- It seems even magical powers are ineffective in the face of a pandemic.
All sorts of events that are usually part of our daily life have been put on ice due to the ongoing COVID-19 pandemic. From small local gatherings like picnics and cookouts to large music festivals and even the Olympics, all have felt the sting of the ‘Rona.
The list of disrupted everyday get-togethers includes religious gatherings. Churches, mosques, temples, altars, and any other kind of sacred sites imaginable have had to cope with the social distancing measures.
Of course, some religious institutions have been less than cooperative, but we won’t open that can of worms here. Instead, let’s talk about one particular group of witches whose big religious holiday was recently unceremoniously ruined.
A Celebration of Rebirth
A Wiccan coven in Pontypridd, Wales recently found itself unable to congregate to celebrate Halloween – or Samhain. Predating modern traditions, Samhain is an important date of the year for many neo-pagan religious movements.
For Wiccans, this date is particularly important, according to The Conversation. According to their beliefs, there are two major deities – an eternal goddess and a male god figure who dies and is reborn every year.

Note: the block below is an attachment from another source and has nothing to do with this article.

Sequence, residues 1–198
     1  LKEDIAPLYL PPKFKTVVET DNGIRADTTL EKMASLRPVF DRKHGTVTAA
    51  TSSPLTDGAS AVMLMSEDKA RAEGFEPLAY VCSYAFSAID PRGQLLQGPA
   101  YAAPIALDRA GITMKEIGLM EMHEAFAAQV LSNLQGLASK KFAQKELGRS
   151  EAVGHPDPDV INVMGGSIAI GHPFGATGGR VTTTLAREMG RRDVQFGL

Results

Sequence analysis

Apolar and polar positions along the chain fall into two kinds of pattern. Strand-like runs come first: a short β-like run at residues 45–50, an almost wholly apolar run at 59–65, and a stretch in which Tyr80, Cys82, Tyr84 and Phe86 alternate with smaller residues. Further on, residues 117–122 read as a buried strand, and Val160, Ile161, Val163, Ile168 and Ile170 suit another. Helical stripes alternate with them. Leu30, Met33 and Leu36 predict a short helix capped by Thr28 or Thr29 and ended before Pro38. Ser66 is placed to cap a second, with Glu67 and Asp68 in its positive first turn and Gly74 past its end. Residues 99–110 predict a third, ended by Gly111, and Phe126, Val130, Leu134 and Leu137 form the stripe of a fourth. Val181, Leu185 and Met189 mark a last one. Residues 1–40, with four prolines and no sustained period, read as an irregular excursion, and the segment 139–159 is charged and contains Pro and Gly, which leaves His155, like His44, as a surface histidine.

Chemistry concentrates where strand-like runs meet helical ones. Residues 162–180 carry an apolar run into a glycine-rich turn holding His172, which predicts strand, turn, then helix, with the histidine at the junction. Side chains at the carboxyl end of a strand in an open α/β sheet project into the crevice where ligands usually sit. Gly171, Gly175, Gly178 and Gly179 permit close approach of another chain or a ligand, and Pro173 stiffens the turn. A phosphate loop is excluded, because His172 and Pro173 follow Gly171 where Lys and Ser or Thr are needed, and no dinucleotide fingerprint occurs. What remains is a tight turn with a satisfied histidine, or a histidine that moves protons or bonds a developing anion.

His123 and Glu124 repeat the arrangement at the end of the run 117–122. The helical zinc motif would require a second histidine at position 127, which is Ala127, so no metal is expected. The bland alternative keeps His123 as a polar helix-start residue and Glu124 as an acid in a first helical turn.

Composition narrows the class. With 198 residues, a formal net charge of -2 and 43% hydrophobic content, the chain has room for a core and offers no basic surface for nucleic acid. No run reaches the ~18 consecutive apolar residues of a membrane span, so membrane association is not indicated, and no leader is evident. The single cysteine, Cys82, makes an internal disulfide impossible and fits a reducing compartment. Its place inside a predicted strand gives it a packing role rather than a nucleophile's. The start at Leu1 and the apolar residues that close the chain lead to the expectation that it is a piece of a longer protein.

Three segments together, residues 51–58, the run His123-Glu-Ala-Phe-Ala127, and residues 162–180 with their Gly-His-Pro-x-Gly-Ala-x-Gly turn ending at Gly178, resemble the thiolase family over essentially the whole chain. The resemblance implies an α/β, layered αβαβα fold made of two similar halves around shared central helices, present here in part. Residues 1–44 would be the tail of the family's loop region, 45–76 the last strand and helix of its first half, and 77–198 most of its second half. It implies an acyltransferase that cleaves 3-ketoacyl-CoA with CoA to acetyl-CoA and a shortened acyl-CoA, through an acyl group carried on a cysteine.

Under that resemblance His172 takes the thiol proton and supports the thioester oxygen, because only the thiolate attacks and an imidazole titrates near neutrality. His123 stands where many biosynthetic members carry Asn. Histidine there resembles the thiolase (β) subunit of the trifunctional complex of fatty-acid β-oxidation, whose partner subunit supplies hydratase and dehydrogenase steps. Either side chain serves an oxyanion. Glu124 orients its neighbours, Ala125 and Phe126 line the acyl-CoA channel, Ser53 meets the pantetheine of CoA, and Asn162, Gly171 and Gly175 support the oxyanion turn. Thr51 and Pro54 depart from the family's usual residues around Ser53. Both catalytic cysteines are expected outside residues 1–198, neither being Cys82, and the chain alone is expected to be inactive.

On Samhain, the witches – as practitioners of Wicca call themselves – symbolically sacrifice the god figure on Samhain. The ritual is said to ensure good harvest and the well-being of the community as the god returns, birthed by the goddess on Yule, better known as Christmas.
This festival also centers around death and remembrance of those who have passed on. Wiccas don’t consider death a bad thing in itself, as it is part of the natural cycles of life that they revere.
According to Wiccan beliefs, the border between our world and that of the dead is at its thinnest during Samhain. This year’s event was supposed to be even more spiritually significant, as the date fell on a Blue Moon – a second full moon in one month.
But the Samhain celebrations couldn’t take place as usual. In order to curb the spread of the coronavirus, Wales is under strict lockdown measures.
Most public spaces, including non-essential shops, hotels, libraries, and pubs, have closed their doors. For the witches this poses a particular problem, Karin Rainbird, a pagan prison chaplain, told BBC.
“Wicca is not really something you can do online,” she said.
A sense of unity and oneness is important to Wiccans, not only with their community but also with nature. It’s easy to see how something like that might be difficult to convey through a Zoom call.
The lockdown has also presented Rainbird’s coven with an additional challenge. The group is new and as such, Rainbird is its only fully initiated member.
Any new initiates wanting to join the witches’ ranks will require face-to-face training.
“Because we just started the coven, no one is initiated yet apart from myself, so it’s really the training period,” Rainbird said.
She explained that the initiation would consist mostly of practical exercises. These would involve workshops on specific rituals and spellcasting, lessons in herbalism and identifying plants, and performing sabbaths – or Wiccan ritual gatherings.